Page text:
Dany Cotton is the first female Commissioner of London Fire Brigade in its history.
Dany started her training at Southwark training centre when she was just 18.
"It never occurred to me that it was unusual to join the fire service. I was a confident person. My parents were very level headed; there wasn't any stereotyping in my household. My mother used to teach English as a foreign language, so I always had house full of people from all over the world – that helped a lot."
In 1988 training lasted sixteen weeks. Today firefighter training happens in three stages: pre-course learning, foundation training then a probation and development stage.
"For lots of people training was a culture shock; being shouted at and told to run up and down towers. My time in the air cadets had made me ready for that."
Firefighter training has changed a lot over the years. High pressure, military style training has been replaced with learning and development.
"I think the training is far better structured. It’s much more welcoming for diverse groups of people and training styles are much more encouraging for people to learn.
"There's a balance to be had today. People do need to understand discipline service, but we've had 46 year old grandmothers join the brigade. They don't expect a 25 year old trainer to be shouting at them. It doesn't work as a training method."
Dany passed out of her training at nineteen and started serving as a firefighter at Wimbledon fire station in 1988.
"Some of the best times you have firefighting are doing difficult, challenging things, and things that people would think is impossible. And when you do crack it and achieve it, the sense of achievement is huge."
"When I was 3 months out of training school I got called to the Clapham train crash. On the way there it was an atmosphere. You know you're going to something big.
"When I got there I had a bit of a moment of 'good grief, what am I going to do, what am I going to see?', Then you put your kit on and everybody looks at you with expectation and relief as if to say, 'thank god you're here'."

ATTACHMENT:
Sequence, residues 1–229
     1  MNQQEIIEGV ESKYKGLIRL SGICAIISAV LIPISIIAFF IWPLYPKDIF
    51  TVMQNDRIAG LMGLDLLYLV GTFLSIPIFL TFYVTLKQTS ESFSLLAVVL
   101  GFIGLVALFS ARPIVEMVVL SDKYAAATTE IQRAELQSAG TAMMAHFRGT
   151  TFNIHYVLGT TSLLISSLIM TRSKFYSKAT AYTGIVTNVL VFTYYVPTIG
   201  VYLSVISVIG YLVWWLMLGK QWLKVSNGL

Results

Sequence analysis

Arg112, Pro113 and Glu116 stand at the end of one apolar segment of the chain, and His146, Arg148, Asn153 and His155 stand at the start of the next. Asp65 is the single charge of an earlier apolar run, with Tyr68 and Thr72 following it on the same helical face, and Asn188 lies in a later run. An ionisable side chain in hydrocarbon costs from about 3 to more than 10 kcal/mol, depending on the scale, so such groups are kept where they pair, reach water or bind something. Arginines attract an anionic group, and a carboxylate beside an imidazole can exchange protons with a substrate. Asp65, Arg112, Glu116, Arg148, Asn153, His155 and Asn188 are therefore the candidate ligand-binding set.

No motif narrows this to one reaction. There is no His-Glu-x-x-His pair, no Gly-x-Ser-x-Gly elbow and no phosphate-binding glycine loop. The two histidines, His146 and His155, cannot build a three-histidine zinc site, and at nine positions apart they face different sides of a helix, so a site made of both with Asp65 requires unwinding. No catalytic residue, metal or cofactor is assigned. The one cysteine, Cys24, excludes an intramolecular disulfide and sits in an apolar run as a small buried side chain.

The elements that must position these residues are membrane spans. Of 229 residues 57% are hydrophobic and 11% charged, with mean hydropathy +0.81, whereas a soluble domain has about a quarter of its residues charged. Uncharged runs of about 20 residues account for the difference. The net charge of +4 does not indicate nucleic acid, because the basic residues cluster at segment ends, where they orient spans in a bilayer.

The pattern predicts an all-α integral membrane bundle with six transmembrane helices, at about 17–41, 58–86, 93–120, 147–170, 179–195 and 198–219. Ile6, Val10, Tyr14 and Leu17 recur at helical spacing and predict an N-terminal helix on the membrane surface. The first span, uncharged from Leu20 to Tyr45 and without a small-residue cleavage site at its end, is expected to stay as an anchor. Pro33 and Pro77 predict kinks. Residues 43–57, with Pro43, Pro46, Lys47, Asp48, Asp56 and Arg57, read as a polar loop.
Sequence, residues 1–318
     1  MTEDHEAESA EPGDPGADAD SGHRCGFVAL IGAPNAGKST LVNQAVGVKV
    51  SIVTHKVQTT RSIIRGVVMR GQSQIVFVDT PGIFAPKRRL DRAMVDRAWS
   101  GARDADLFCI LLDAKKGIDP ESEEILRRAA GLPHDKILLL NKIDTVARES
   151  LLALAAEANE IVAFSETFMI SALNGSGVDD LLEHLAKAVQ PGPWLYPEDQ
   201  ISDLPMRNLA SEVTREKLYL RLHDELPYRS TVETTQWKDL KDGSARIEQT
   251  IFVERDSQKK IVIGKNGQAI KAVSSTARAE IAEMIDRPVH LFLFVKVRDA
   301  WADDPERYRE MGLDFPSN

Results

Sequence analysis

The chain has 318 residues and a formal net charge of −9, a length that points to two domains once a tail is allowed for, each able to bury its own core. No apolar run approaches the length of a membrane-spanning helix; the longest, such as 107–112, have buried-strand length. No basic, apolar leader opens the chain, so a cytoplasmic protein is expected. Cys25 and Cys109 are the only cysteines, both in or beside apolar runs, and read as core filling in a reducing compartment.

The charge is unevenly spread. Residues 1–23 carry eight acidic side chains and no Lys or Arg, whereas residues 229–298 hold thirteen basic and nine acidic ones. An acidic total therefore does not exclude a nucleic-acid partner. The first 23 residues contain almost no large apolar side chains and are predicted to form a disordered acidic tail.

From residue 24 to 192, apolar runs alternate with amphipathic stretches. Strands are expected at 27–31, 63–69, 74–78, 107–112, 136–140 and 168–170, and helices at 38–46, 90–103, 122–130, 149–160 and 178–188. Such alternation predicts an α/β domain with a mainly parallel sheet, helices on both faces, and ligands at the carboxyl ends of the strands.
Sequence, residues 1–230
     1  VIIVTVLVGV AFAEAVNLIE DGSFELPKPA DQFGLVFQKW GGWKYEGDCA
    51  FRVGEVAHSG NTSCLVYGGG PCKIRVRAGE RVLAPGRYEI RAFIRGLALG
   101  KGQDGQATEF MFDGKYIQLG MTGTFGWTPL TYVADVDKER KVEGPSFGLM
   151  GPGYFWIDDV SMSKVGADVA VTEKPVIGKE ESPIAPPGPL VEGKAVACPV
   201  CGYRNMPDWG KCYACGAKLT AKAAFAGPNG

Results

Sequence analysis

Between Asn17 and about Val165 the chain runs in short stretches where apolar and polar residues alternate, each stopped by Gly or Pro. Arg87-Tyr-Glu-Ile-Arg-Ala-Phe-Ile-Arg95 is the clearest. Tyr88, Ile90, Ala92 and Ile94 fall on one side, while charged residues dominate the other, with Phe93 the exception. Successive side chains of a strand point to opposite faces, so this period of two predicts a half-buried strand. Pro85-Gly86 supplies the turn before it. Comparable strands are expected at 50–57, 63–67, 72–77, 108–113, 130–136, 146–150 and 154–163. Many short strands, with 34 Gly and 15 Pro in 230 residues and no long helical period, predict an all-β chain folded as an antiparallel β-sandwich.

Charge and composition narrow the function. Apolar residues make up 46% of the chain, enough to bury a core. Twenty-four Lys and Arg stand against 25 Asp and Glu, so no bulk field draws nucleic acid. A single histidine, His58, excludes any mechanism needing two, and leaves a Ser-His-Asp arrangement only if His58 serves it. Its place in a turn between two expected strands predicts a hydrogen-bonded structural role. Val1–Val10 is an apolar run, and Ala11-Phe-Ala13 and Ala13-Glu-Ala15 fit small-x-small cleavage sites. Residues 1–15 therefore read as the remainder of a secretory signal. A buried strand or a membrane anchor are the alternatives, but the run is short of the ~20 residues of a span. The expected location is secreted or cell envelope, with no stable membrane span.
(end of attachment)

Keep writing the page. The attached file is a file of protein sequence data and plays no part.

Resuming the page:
The Clapham train crash happened in 1988 when two commuter trains collided at Clapham Junction train station. Thirty-five people lost their lives and over 100 people were injured.
"Your fire kit is like a suit of armour. It instils people with a sense of calm and trust and 'now you're going to sort it out'. Wearing it makes an amazing difference.
"The kit has changed so much over the years. The stuff I wore during the training was not that dissimilar from what firefighters would have been wearing in the war."
Women were first drafted into the fire service in 1938. The political climate in Europe was intensifying during the 1930s, so an Act of Parliament was passed to allow the formation of a voluntary fire service. Due to the shortage of men in the country, women were given the opportunity to train and serve as firefighters.
"The war changed things. It was the first demonstration that there’s no reason why women can't do it. Under those circumstances too - 'this building has been bombed, it's on fire and here's six buckets of water, crack on'.
"Firefighting during the war, you would have been covering your local area, and that makes it harder because you know the people involved. That personal connect must have been incredibly stressful.
In 1941, the National Fire Service was established. By 1943 over 70,000 women had enrolled in the NFS in the United Kingdom. "I think they were amazing inspiring women who stepped out of very normal day jobs or domestic home lives to go and do that role. It must have been a bigger step for women in WWII. When I joined in the 1980s it was quite a step for people to accept women being firefighters. Women's lives were so different during WWII that then going on to be firefighters was a much bigger step."
After the war ended women were not allowed to continue their work in the fire service. It wasn't until 1982 that the first woman firefighter was appointed in the UK, by London Fire Brigade.
"To the female firefighters during the war, I'd say thank you for opening the doors and being the pioneers. I'm just sorry you weren't allowed to continue.
"Thank you for letting me do my job and showing that women can be brilliant fire fighters."